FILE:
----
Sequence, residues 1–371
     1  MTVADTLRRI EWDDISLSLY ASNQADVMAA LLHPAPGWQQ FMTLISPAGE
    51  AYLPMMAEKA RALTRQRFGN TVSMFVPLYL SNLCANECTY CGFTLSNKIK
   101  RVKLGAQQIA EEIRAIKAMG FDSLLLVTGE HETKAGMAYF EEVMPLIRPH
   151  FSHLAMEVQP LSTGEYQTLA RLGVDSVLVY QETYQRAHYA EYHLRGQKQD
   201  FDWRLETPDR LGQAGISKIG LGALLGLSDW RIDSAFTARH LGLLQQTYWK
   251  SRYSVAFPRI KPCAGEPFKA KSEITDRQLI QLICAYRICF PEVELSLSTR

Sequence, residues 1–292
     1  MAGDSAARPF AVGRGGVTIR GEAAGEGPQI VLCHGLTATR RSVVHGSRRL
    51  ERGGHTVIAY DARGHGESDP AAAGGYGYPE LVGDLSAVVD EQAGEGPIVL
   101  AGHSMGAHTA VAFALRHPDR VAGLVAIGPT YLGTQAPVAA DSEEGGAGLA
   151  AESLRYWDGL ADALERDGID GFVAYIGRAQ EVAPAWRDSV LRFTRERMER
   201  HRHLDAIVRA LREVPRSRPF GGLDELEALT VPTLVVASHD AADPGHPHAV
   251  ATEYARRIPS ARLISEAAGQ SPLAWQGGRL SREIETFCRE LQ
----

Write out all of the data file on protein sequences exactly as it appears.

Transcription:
Sequence, residues 1–371
     1  MTVADTLRRI EWDDISLSLY ASNQADVMAA LLHPAPGWQQ FMTLISPAGE
    51  AYLPMMAEKA RALTRQRFGN TVSMFVPLYL SNLCANECTY CGFTLSNKIK
   101  RVKLGAQQIA EEIRAIKAMG FDSLLLVTGE HETKAGMAYF EEVMPLIRPH
   151  FSHLAMEVQP LSTGEYQTLA RLGVDSVLVY QETYQRAHYA EYHLRGQKQD
   201  FDWRLETPDR LGQAGISKIG LGALLGLSDW RIDSAFTARH LGLLQQTYWK
   251  SRYSVAFPRI KPCAGEPFKA KSEITDRQLI QLICAYRICF PEVELSLSTR

Sequence, residues 1–292
     1  MAGDSAARPF AVGRGGVTIR GEAAGEGPQI VLCHGLTATR RSVVHGSRRL
    51  ERGGHTVIAY DARGHGESDP AAAGGYGYPE LVGDLSAVVD EQAGEGPIVL
   101  AGHSMGAHTA VAFALRHPDR VAGLVAIGPT YLGTQAPVAA DSEEGGAGLA
   151  AESLRYWDGL ADALERDGID GFVAYIGRAQ EVAPAWRDSV LRFTRERMER
   201  HRHLDAIVRA LREVPRSRPF GGLDELEALT VPTLVVASHD AADPGHPHAV
   251  ATEYARRIPS ARLISEAAGQ SPLAWQGGRL SREIETFCRE LQ